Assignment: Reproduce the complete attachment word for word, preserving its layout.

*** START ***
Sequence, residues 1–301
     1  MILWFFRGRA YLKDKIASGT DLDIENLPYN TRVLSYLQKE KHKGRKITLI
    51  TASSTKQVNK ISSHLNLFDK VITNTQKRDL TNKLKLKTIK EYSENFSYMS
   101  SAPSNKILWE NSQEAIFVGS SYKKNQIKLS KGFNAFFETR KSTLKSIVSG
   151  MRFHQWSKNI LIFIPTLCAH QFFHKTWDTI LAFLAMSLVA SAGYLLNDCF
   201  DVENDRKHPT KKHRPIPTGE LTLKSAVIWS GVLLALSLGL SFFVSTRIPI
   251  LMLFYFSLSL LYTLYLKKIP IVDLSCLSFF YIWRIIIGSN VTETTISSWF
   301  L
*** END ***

Sequence, residues 1–301
     1  MILWFFRGRA YLKDKIASGT DLDIENLPYN TRVLSYLQKE KHKGRKITLI
    51  TASSTKQVNK ISSHLNLFDK VITNTQKRDL TNKLKLKTIK EYSENFSYMS
   101  SAPSNKILWE NSQEAIFVGS SYKKNQIKLS KGFNAFFETR KSTLKSIVSG
   151  MRFHQWSKNI LIFIPTLCAH QFFHKTWDTI LAFLAMSLVA SAGYLLNDCF
   201  DVENDRKHPT KKHRPIPTGE LTLKSAVIWS GVLLALSLGL SFFVSTRIPI
   251  LMLFYFSLSL LYTLYLKKIP IVDLSCLSFF YIWRIIIGSN VTETTISSWF
   301  L